Ed. note: This is a new weekly column by Elie Mystal, Managing Editor of Above the Law Redline, wrapping up the week that was in law and finance. Elie is not a practicing attorney, and anything he says that you listen to can and will be used against you.
Issue #1: The $4.3 billion chat room.
The big news this week is that six firms will pay $4.3 billion to a suite of international regulators in the first set of punishments from rigging the foreign exchange market. Of course, it’s not at all clear that what Forex fixers did was that big of a deal. The Financial Conduct Authority in the U.K. says that “[t]he traders put their own interest ahead of their customers, they manipulated the market — or attempted to manipulate the market — and abused the trust of the public.” That’s lawyer-speak for “that’s not fair.” The fines amount to a $4.3 billion “unsportsmanlike conduct” penalty.
Okay, so Daniel Gallagher, Michael Piwowar, Nino and his sidekick all seem to agree that insider-trading is, in fact, a crime. But what sort of crime? The SEC’s two Republicans think that it may sort of be a victimless crime, insofar as it isn’t always possible to figure out who the victims are, and insofar as the SEC staff worked way too hard convincing Steve Cohen to give it $602 million to go away to have it all go to some scummy plaintiffs’ lawyers. Read more »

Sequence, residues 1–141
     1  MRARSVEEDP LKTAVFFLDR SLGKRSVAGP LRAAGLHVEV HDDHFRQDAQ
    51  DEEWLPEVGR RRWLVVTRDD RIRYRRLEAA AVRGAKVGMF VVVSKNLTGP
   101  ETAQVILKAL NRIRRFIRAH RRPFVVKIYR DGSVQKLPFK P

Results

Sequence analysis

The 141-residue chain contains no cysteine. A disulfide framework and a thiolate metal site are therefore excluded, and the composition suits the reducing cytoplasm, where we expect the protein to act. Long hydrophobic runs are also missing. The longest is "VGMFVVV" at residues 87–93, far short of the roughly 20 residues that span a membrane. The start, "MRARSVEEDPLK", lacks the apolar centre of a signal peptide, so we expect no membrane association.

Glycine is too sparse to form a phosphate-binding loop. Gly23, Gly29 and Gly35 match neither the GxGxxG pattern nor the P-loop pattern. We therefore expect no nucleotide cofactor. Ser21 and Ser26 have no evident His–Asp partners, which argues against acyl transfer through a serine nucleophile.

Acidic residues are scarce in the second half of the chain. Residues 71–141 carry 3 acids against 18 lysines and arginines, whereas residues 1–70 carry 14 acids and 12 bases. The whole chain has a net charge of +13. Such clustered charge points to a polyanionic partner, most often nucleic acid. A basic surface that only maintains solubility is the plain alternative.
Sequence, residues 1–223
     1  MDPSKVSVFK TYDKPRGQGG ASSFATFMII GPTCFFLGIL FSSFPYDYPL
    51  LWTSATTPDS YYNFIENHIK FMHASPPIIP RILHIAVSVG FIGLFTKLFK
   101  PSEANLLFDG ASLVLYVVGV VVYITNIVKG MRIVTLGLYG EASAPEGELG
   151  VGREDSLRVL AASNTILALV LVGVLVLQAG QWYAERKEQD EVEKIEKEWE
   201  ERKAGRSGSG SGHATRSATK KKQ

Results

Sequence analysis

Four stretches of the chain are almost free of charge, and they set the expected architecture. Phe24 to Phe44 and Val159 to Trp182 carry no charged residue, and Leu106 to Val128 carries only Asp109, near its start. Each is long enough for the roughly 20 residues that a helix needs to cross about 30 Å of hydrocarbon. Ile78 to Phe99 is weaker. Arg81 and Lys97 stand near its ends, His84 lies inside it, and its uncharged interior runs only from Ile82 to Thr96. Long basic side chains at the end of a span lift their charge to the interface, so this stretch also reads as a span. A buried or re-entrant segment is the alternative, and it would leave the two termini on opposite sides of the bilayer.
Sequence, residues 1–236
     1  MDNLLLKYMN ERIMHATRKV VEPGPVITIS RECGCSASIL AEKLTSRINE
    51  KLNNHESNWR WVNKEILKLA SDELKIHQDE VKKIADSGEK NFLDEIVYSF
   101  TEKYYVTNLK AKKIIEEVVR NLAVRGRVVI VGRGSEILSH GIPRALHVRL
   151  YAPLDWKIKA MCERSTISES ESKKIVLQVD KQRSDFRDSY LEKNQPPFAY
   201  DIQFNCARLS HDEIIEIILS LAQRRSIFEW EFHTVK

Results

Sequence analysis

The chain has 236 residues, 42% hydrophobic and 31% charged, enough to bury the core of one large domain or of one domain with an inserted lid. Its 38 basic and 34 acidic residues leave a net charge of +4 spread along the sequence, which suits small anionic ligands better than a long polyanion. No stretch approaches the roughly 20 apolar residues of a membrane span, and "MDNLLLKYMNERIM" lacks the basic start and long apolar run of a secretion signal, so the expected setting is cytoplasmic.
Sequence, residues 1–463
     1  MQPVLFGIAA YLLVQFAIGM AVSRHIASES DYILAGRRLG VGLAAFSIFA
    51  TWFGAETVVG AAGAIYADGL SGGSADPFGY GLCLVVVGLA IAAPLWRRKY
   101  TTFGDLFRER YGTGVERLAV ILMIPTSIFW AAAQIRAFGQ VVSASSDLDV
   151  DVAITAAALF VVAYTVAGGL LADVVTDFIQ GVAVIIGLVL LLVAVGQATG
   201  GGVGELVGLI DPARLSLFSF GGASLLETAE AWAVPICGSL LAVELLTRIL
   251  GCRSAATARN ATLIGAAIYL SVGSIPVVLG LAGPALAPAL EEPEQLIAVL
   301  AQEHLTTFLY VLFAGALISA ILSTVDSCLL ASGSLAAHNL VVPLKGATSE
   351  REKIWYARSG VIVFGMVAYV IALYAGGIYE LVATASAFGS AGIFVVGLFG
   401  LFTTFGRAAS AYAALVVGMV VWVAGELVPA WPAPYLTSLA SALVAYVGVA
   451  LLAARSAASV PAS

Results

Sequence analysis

A Northern California hedge-fund manager was charged Friday with making more than $900,000 on trades in Google Inc. and other technology companies based on improper tips he allegedly received from a neighbor and a business associate. U.S. authorities alleged that Doug Whitman, of Whitman Capital in Menlo Park, Calif., shared information about other publicly traded companies or made payments in exchange for the tips. He also allegedly went so far as threatening to never speak to one co-conspirator if she wasn’t going to be a “slimeball” anymore, authorities said. [WSJ]